Todd Fraser on 16-07-2013
Selective Digestive Decontamination, or SDD, remains one of the most maligned therapeutic strategies going around.
Rumour is that a major international multi centre randomised controlled trial is about to be launched. There has been a truckload of evidence in support of this preventative strategy yet except for isolated pockets of enthusiasm, it remains largely shunned.
In coming months, information will be circulated and centres approached to participate in the trial, which aims to be the definitive work on the topic. Hopefully this will answer the question once and for all.
Would you participate? The answer depends on the questions being asked I guess.
Is there equipoise? There seems already to be enough evidence that it works, but perhaps the question is "does it work enough?". In other words, is the benefit sufficient to overcome the reluctance to implement the strategy due to concerns over resistance, cost and imposed workload.
Another interesting question for the investigators will be the regimen that is used in the trial, and the sites chosen. Will the regimen contain IV antibiotics? Will the sites be representative of areas where antibiotic resistance is high?
To answer these and many other questions, we'll soon conduct an interview with one of the principle investigators, and bring that to you soon.
In the mean time, let me know your thoughts on SDD, whether you use it, what your concerns are, and whether you'd participate in the trial.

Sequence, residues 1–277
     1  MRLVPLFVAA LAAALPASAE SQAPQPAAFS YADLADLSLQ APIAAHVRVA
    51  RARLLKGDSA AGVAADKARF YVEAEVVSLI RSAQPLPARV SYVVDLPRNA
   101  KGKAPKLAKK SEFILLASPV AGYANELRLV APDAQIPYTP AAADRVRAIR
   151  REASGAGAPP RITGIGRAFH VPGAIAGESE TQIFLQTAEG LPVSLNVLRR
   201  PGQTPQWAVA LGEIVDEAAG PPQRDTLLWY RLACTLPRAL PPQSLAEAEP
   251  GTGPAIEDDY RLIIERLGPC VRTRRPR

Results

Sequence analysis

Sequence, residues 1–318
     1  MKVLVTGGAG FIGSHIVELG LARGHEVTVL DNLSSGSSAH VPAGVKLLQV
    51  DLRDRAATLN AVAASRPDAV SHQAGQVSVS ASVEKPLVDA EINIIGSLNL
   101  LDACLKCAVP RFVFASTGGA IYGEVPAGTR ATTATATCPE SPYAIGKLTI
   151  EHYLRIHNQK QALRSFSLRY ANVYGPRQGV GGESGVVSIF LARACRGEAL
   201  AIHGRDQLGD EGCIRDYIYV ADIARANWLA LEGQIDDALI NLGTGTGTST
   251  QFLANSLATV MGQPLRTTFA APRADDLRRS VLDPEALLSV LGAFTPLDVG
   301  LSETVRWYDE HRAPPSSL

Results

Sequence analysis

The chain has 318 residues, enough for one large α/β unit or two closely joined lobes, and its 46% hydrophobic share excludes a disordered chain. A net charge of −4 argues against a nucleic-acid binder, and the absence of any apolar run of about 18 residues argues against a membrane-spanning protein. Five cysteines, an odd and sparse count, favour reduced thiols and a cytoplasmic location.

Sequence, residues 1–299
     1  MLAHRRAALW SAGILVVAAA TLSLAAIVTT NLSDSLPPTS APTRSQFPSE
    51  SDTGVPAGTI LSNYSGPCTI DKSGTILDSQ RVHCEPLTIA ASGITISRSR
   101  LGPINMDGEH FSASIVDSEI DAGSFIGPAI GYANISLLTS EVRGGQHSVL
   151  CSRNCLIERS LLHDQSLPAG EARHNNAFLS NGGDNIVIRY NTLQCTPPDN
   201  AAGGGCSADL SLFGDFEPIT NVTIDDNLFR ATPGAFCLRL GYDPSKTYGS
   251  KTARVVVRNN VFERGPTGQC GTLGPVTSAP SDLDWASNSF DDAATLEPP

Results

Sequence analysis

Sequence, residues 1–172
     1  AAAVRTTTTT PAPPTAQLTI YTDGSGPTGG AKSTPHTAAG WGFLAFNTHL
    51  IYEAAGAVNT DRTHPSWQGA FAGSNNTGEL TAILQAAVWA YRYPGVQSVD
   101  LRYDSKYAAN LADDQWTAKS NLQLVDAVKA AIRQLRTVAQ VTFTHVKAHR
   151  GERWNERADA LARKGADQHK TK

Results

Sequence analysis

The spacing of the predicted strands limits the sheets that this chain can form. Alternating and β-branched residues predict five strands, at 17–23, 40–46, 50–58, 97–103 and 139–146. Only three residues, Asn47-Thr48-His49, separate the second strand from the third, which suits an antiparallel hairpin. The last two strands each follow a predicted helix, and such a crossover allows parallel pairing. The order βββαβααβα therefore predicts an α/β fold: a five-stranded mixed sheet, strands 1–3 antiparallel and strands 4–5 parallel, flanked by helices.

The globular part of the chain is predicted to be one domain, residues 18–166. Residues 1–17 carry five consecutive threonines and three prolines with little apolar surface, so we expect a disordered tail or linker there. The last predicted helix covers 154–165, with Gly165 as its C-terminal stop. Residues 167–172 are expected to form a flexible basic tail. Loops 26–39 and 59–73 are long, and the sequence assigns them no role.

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There is no doubt in my mind the major reason this has not taken off is the concerns over resistance generation. I can't see how this question can be answered even in a big RCT as the time to develop resistance might be longer than the duration of the study. I'd love to hear from the investigators how they plan to overcome this limitation.
I don't know that antibiotic resistance has never been associated with SDD. These claims are more scare tactics than real life. It has been practiced in Netherlands for decades without concerns
I'll declare my COI up front, as one of the SuDDICU Investigators. We are a multinational collaboration of intensivists, infectious diseases physicians, microbiologists, nurses, ethicists, statisticians, health economists, clinical trial methodologists .... Our goal is to do not just the next (37th) RCT for the next Cochrane metaanalysis, but to do the DEFINITIVE trial which answers the question, one way or the other.
I'll be really interested to hear what the responses from most centres is to this trial. For everybody's sake, I hope that the collective opinion of our senior group ("I want this question answered, I just want somebody else to get it for me") is not too pervasive! I for one would not be too worried if I lost colistin and nystatin from my armamentarium. I was much more concerned by the use of lost 3rd gen cephalosporins and quinolones - losing them would be scary!
Sounds interesting. Will you be doing surveillance cultures as part of SDD or only if clinical indication?
Interesting that you say that the research coordinator will be doing all the work - not entirely true. You're also going to have a job on your hands convincing the nursing staff in the unit to do it. My understanding is that this can be laborious, unpleasant and time consuming, so winning the "hearts and minds" of the RNs might be difficult.
Okay, so I have the same conflict as Ian. I am one of the investigators. I also have a confession - I wish SDD was sexy. People think SDD is boring. This is the largest challenge in designing a trial in SDD. David is right. Winning hearts and minds is crucial.
Is it really boring? I wouldn't have thought so.
That's a very interesting point Freddo. It would be great to know what the issues are that have prevented SDD from becoming more widely adopted. I would imagine someone would have looked into this in more detail.
Thanks for all the comments to date.